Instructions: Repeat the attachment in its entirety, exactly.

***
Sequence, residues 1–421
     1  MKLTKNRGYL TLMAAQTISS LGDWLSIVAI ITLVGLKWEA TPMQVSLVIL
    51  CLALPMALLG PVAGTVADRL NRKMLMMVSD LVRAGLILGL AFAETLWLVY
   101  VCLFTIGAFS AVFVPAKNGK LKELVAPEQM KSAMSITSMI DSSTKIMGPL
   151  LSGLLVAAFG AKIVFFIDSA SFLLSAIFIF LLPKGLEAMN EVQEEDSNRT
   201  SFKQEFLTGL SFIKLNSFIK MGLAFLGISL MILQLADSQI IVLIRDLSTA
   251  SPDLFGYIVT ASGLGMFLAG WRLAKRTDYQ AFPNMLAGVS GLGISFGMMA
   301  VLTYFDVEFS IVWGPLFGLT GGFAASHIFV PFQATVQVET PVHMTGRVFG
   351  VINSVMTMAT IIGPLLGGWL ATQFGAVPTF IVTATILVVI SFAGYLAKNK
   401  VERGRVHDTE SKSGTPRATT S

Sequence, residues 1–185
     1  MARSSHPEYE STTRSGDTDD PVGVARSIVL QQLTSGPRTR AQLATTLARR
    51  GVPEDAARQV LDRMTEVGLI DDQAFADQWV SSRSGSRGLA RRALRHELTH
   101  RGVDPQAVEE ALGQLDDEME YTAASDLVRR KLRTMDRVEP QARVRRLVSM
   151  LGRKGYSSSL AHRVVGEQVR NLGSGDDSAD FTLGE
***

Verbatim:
Sequence, residues 1–421
     1  MKLTKNRGYL TLMAAQTISS LGDWLSIVAI ITLVGLKWEA TPMQVSLVIL
    51  CLALPMALLG PVAGTVADRL NRKMLMMVSD LVRAGLILGL AFAETLWLVY
   101  VCLFTIGAFS AVFVPAKNGK LKELVAPEQM KSAMSITSMI DSSTKIMGPL
   151  LSGLLVAAFG AKIVFFIDSA SFLLSAIFIF LLPKGLEAMN EVQEEDSNRT
   201  SFKQEFLTGL SFIKLNSFIK MGLAFLGISL MILQLADSQI IVLIRDLSTA
   251  SPDLFGYIVT ASGLGMFLAG WRLAKRTDYQ AFPNMLAGVS GLGISFGMMA
   301  VLTYFDVEFS IVWGPLFGLT GGFAASHIFV PFQATVQVET PVHMTGRVFG
   351  VINSVMTMAT IIGPLLGGWL ATQFGAVPTF IVTATILVVI SFAGYLAKNK
   401  VERGRVHDTE SKSGTPRATT S

Sequence, residues 1–185
     1  MARSSHPEYE STTRSGDTDD PVGVARSIVL QQLTSGPRTR AQLATTLARR
    51  GVPEDAARQV LDRMTEVGLI DDQAFADQWV SSRSGSRGLA RRALRHELTH
   101  RGVDPQAVEE ALGQLDDEME YTAASDLVRR KLRTMDRVEP QARVRRLVSM
   151  LGRKGYSSSL AHRVVGEQVR NLGSGDDSAD FTLGE